Candle light and Christmas carols will fill the First United Methodist Church on Sunday evening during its 26th annual Christmas Lovefeast.
The Moravian ceremony will feature dieners, or servers, in traditional dress handing out creamy coffee and lovefeast buns. Prayer, singing and the passing of lighted candles complete the evening.
â€œItâ€™s so simple and honest,â€ said Mickie Stevens, a diener. â€œItâ€™s just pure.â€
The event, which is free to the public, takes place at 7 p.m. Sunday. The church is located on Main Street in downtown Lincolnton.
The ceremony dates back hundreds of years and little has remained the same since the first time it was performed at the Methodist Church.
â€œWe thought maybe we should change it, and everybody had a fit,â€ said Pat Rudisill, coordinator of the Lovefeast.
The first ceremony at the church was researched by long-time member Jane Wilson who went to and from Old Salem for a year.
â€œItâ€™s just like the Moravians do it,â€ said Pat Rudisill. â€œThis is an old, old Christian tradition, and itâ€™s becoming a tradition in Lincolnton now that weâ€™ve been doing it so long.â€
The historical town still plays a part in the preparation of the Lovefeast. Each of the hundreds of people who attend receives a lovefeast bun straight from the ovens of Old Salem.
â€œItâ€™s supposed to be a simple, donâ€™t-starve-to-death bun,â€ said Donald Rudisill, a member of the church.
The dieners, dressed in Moravian servant clothes, also hand out creamy coffee. The attire is meant to signify servitude to Christ. The lighting of candles symbolizes the light Christ brought into the world.
â€œItâ€™s just a true love show of Christ and your fellow Christians,â€ said Ron Ballard, head of communications at the church.
During the event, donations will be taken up for Christian Ministry of Lincoln County. The event will be finished with the lifting of lighted candles and singing of â€œGo Tell it to the Mountain.â€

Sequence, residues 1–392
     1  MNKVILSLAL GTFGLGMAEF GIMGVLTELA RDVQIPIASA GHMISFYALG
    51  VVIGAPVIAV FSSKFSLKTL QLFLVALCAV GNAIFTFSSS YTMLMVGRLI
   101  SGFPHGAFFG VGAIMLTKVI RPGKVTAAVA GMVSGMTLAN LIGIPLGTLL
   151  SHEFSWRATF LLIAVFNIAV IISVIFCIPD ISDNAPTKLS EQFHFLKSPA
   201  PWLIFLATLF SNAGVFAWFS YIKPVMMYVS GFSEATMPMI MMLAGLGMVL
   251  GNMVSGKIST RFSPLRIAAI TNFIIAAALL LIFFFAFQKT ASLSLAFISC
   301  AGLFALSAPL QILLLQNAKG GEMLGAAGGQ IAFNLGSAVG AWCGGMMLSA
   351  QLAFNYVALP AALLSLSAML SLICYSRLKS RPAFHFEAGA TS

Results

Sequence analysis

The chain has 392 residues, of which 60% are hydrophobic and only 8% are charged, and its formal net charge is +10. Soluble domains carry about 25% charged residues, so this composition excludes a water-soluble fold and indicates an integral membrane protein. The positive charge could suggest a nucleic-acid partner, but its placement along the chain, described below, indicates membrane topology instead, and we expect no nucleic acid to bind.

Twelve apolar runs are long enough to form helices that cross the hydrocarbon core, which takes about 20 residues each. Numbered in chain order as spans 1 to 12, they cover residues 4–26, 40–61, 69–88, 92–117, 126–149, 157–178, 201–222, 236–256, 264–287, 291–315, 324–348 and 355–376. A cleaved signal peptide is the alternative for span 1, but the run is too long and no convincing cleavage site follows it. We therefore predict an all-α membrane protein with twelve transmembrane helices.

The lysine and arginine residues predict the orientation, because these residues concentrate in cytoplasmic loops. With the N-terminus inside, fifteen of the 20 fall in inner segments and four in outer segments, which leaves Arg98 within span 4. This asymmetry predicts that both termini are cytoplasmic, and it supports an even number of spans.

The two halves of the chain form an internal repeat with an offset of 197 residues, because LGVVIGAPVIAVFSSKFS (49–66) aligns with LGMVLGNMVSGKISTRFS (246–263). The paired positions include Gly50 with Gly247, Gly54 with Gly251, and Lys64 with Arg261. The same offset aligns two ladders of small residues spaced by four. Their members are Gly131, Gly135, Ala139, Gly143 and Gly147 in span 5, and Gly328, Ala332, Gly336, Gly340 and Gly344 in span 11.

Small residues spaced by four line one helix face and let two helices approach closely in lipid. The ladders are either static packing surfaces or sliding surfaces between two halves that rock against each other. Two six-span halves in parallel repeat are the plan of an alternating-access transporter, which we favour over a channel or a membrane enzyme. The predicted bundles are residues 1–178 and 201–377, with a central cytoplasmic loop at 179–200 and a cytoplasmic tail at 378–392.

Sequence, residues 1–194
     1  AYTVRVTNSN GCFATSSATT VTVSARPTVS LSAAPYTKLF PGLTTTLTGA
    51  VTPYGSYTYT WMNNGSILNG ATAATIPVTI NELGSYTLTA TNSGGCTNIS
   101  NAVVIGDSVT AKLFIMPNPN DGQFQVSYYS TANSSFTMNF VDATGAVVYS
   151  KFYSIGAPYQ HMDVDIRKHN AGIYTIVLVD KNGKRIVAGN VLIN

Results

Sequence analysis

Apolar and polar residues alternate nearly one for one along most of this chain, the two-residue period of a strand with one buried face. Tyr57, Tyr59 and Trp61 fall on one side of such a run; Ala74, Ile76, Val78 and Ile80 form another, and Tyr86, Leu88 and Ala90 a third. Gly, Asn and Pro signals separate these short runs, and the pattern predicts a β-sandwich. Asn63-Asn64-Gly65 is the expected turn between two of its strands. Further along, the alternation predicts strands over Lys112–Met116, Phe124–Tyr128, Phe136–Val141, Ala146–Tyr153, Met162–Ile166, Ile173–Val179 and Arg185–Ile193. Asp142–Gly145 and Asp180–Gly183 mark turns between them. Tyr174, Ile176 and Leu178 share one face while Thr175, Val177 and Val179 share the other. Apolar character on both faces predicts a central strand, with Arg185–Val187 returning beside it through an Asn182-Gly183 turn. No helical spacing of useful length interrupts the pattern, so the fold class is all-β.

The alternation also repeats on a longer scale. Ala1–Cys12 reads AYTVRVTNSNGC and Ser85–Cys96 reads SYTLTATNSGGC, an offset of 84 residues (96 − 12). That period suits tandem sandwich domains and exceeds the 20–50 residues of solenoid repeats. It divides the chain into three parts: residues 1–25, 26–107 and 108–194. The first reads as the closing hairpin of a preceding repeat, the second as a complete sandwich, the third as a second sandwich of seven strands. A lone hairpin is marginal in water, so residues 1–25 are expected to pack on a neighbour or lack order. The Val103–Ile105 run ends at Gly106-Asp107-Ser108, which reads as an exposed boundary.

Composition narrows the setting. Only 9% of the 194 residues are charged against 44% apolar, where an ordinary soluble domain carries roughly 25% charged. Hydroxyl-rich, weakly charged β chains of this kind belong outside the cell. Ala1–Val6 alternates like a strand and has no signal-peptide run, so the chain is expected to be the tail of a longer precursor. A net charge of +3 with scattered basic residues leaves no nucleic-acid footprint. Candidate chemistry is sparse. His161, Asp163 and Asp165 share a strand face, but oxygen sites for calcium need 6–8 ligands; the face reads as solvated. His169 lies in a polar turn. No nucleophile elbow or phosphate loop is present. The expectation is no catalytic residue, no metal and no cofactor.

â€œItâ€™s just aglow,â€ said Pat Rudisill.
Churchgoers then carry the candles with them outside into the cold night air.
â€œWe take the light with us back into our lives,â€ said Ballard.
Along with coffee, buns and worship, the event will include children and adult choirs as well as the North Lincoln High School brass ensemble.
History of the Moravian Lovefeast
The Moravian Church is recognized today as the oldest Protestant denomination. The church originated in Moravia during the beginnings of the Reformation and was formally organized in 1457.
After centuries of persecution, the Moravians traveled to America for freedom.
The early Moravians began a practice of meeting and breaking bread together to signify their union, fellowship and love.
By 1727 the Moravian Church had established a custom of celebrating special church occasions by sharing together a simple meal of sweet bread and coffee. This service became known as the â€œlovefeast.â€
On Christmas Eve, the Moravians held a special lovefeast for their children that included a candlelight service to symbolize the birth of Jesus. A traditional part of this service included the singing of hymns accompanied by a brass and reed band.
The first lovefeasts in America were held in Savannah, Georgia in 1735.
John Wesley was invited to share a lovefeast with the Moravians in Savannah in 1737 and noted in his diary, â€œWe joined with the Germans in one of their lovefeasts. It was begun and ended with a thanksgiving and prayer and celebrated in so decent and solemn a manner as a Christian of the Apostolic Age would have allowed to be worthy of Christ.â€
As a result of this experience lovefeasts became a part of early Methodism.
1 Ñ˜ cups regular grind coffee
3 quarts water
1 cup sugar
1 cup milk
Place coffee grounds in cheesecloth bag: tightly secure top of bag. Place coffee bag and water in a small Dutch oven; bring to a boil and remove from heat. Stir well. Cover and let stand 15 minutes. Remove coffee bag and discard. Add sugar and stir until sugar is dissolved. Add milk, stirring well. Serve immediately. Makes about 12 cups.
1 package dry yeast
1 cup sugar, divided
Ñ˜ cup warm water
1 egg beaten
Ñ˜ cup butter or margarine, softened
Ñ˜ cup cooked, mashed potatoes
1 teaspoon salt
2 cups warm water
7 to 8 cups sifted all-purpose flour
Ñ˜ cup butter or margarine melted
Combine yeast, 1 teaspoon sugar and Ñ˜ cup warm water, stir well and let stand five minutes or until bubbly.
Combine egg, remaining sugar, softened butter, potatoes and salt in a large mixing bowl; beat at medium speed of electric mixer five minutes or until smooth. Stir in yeast mixture. Add two cups warm water alternately with enough flour to make a soft dough, beginning and ending with flour.
Turn dough out onto a lightly floured surface and knead 10 minutes or until smooth and elastic. Place in a greased bowl, turning to grease top. Cover and let rise in a warm place free from drafts, one hour or until doubled in bulk.
Punch dough down; shape dough into three and a half inch balls and place two inches apart on greased baking sheets. Cover and repeat rising procedure one hour or until doubled in bulk.
Using a sharp knife, cut a shallow â€œMâ€ on top of each bun. Bake at 400 degrees for 20 minutes or until golden brown. Brush tops with melted butter. Makes about two dozen.
by Sarah Grano